Moreover, prosecutors are absolutely immunity for acts taken in connection with the prosecution. Imbler v. Pachtman, 424 U.S. 409, 424-430 (1976). If prosecutors were subject to liability under 42 U.S.C. § 1983, such a threat would undermine the prosecutor's ability to perform his or her duties in enforcing criminal law. Imbler, 409 U.S. at 424-425. Here, there are no allegations any prosecutor took any action that was not connected with Plaintiff's prosecution. Thus, prosecutorial immunity attaches and the matter must be DISMISSED.


Because Plaintiff does not allege personal damages and seeks only to state claims on behalf of others, he has failed to state a cognizable claim for emotional distressed caused by the defendants. Moreover, even if Plaintiff sought to state a claim for emotional distress caused to him, Plaintiff failed to comply with the California Tort Claims Act. Based upon these facts, it does not appear deficiencies can be cured by amendment. Because leave to amend would be futile, Plaintiff should not be given leave to amend his complaint. See Lopez, 203 F.3d at 1130 (requiring leave to be granted to the extent deficiencies can be cured by amendment).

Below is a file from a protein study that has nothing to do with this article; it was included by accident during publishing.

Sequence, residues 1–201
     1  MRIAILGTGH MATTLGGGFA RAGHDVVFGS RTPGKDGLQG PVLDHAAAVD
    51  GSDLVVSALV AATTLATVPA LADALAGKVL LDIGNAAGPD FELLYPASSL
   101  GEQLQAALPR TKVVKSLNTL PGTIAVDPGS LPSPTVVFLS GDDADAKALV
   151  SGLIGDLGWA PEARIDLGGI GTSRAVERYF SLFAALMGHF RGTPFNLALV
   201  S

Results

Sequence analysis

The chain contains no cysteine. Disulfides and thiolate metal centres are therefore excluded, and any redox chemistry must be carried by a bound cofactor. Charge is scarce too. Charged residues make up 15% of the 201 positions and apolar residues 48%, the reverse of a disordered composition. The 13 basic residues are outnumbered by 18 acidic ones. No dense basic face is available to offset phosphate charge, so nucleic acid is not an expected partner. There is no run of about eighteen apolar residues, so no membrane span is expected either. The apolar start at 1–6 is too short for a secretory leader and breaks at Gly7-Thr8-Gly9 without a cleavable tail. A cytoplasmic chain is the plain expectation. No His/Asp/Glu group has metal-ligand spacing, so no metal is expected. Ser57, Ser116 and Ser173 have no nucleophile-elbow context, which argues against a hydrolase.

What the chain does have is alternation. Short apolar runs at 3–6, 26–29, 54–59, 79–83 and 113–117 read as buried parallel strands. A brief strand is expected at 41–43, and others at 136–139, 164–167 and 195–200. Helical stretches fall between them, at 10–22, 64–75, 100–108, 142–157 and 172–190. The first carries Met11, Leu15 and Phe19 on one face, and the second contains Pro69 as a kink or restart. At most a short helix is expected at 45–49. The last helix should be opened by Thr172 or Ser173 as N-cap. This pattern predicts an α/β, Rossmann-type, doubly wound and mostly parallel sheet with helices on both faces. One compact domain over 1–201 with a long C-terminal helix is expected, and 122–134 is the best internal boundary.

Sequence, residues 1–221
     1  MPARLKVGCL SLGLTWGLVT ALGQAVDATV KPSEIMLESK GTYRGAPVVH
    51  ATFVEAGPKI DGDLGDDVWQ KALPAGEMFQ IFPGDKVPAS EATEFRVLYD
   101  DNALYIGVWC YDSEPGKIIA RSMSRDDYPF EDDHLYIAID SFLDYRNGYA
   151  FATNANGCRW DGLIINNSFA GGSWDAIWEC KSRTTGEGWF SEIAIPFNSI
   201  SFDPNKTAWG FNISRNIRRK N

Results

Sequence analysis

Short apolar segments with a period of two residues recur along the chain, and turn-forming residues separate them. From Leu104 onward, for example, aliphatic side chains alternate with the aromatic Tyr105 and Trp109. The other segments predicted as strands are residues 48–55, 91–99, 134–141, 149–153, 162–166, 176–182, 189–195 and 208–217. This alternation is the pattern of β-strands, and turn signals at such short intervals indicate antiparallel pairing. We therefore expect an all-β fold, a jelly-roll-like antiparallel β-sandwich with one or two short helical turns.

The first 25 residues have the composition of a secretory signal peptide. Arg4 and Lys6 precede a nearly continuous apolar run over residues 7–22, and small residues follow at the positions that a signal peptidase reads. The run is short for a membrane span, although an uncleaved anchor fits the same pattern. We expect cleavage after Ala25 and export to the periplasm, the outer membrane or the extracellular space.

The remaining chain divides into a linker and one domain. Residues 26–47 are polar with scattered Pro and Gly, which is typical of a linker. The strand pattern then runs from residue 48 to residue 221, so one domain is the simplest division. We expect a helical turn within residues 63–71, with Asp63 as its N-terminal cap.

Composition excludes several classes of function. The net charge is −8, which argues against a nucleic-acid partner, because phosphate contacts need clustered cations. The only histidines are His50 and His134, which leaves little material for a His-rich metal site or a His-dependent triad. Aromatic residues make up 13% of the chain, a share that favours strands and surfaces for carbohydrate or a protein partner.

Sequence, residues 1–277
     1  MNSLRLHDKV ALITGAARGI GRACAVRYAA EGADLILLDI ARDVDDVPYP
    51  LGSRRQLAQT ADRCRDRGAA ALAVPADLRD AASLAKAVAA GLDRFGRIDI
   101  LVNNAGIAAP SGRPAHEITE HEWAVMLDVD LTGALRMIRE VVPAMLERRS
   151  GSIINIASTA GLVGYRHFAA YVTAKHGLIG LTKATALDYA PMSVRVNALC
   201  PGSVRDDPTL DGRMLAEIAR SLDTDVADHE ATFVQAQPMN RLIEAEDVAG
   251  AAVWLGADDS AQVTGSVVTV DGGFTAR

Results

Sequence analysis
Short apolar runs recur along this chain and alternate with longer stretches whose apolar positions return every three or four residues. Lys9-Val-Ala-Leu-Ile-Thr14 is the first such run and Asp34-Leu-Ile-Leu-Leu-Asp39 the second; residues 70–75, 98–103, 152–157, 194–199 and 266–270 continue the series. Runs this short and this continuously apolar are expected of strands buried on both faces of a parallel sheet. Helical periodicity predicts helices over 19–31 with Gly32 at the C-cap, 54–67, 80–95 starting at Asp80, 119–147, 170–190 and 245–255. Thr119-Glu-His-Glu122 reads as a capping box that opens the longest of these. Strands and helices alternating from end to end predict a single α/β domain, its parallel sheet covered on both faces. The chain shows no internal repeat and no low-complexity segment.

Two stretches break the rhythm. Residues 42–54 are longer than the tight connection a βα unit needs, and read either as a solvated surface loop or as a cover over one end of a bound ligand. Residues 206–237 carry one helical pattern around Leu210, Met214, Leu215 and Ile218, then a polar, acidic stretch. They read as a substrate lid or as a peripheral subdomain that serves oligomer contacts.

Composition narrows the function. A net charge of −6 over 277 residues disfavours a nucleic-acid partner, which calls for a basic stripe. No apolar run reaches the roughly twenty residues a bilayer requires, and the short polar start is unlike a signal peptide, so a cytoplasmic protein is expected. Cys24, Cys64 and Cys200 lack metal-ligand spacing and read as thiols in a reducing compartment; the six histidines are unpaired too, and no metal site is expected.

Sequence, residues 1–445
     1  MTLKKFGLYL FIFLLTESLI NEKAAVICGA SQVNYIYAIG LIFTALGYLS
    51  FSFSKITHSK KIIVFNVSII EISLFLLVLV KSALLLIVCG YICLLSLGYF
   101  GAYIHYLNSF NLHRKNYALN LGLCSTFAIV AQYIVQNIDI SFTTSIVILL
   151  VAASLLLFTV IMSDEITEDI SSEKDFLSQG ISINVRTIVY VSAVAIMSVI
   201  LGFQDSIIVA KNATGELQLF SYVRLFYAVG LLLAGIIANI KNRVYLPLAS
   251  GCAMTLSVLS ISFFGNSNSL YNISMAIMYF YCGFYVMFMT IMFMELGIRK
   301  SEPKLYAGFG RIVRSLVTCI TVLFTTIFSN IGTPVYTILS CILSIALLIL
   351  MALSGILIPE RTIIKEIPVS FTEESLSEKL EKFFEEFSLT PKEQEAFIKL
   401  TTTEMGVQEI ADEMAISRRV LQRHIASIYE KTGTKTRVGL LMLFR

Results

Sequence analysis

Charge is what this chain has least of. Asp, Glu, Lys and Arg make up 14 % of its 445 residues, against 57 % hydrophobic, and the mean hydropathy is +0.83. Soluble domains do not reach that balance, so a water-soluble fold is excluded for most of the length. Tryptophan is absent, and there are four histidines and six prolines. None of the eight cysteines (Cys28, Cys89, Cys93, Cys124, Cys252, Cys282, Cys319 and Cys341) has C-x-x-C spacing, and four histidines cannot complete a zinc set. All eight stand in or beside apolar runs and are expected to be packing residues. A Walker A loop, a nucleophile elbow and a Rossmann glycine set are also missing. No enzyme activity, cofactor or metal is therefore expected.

1. Plaintiff's motion to proceed in forma pauperis (Doc. 2) be DENIED; and
2. Plaintiff's complaint be DISMISSED without leave to amend.

These findings and recommendations are submitted to the United States District Judge assigned to the case, pursuant to the provisions of 28 U.S.C. § 636(b)(1)(B) and Rule 304 of the Local Rules of Practice for the United States District Court, Eastern District of California. Within fourteen days after being served with these findings and recommendations, Plaintiff may file written objections with the court. Such a document should be captioned "Objections to Magistrate Judge's Findings and Recommendations." Plaintiff is advised failure to file objections within the specified time may waive the right to appeal the District Court's order. Martinez v. Ylst, 951 F.2d 1153 (9th Cir. 1991).